To understand the art of handmade paper, it's best to start at the beginning. Paper was invented in China around 105 A.D. Working with pulped cellulose fibers created from plants like the mulberry shrub, mixed in a vat of water, the original papermakers captured the fibers on a screen, creating a thin and flexible sheet of paper. From China, papermaking spread to Vietnam, Tibet, Korea & Japan. It wasn't until around 751 A.D. that papermaking began to travel to the Western World. In Western style papermaking rag fibers from linen and cotton textiles were used to create paper. Prior to this, in the 9th century in Europe, people were mainly writing on animal skins, or parchment. With Johannes Gutenburg's invention of the moveable type printing press in 1456, the use of paper greatly increased. In our modern lives it's hard to imagine a world without paper.
Today, one of the most exciting aspects of making paper by hand is that it is a sustainable practice. Unlike machine made papers that are made from wood pulp, handmade papers are primarily made from "tree-free" fibers like cotton, abaca, flax, and hemp. In traditional papermaking it is common to grow the plant materials from which you make paper. For example, in Japan, papermakers grow Kozo (mulberry bark), and Gampi (a bush), to use as the main materials in their washi papermaking. At Pulp & Deckle we look forward to experimenting with growing our own plant materials from which to make paper. We will also support small businesses such as Carriage House Paper, by purchasing their supplies.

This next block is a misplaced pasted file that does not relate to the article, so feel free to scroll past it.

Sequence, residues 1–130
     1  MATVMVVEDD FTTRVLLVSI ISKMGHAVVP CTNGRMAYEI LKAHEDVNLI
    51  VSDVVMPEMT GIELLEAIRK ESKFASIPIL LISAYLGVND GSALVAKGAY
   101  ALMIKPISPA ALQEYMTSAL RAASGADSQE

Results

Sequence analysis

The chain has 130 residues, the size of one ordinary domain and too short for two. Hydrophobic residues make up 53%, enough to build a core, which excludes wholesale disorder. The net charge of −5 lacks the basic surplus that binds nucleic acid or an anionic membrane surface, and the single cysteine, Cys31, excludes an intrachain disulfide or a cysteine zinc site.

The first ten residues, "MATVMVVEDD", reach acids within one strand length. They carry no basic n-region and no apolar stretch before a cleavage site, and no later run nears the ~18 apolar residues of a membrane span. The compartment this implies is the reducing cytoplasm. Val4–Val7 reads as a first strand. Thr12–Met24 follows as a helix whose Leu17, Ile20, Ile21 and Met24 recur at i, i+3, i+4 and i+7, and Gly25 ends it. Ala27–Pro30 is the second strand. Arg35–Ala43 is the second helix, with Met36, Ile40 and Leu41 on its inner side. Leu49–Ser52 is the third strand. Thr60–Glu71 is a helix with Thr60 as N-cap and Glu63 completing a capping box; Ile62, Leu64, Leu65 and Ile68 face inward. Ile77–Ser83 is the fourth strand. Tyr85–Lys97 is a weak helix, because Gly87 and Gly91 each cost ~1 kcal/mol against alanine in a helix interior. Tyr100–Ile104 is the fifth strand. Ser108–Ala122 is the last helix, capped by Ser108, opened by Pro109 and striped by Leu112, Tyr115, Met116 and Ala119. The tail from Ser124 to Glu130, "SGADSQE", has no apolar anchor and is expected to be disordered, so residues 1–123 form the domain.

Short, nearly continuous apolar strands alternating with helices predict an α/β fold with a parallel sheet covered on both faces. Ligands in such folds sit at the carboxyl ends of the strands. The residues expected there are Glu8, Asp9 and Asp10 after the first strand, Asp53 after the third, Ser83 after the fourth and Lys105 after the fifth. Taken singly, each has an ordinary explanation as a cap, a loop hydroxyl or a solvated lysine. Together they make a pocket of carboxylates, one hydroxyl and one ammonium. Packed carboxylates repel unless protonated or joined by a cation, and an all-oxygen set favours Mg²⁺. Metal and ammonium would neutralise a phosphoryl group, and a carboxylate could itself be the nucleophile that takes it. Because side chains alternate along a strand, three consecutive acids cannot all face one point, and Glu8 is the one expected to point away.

Many contemporary artists make paper to use as material for sculptures, drawings, or even as an art piece on its own. Papermaking has also increased in popularity as a craft for making wedding invitations and handmade books. No matter the desired end product, papermaking is something that anyone can learn and enjoy. It's a little like cooking, in that there are ingredients, and you put them together to create something that is more than the sum of its parts. Every piece of handmade paper is unique to its maker.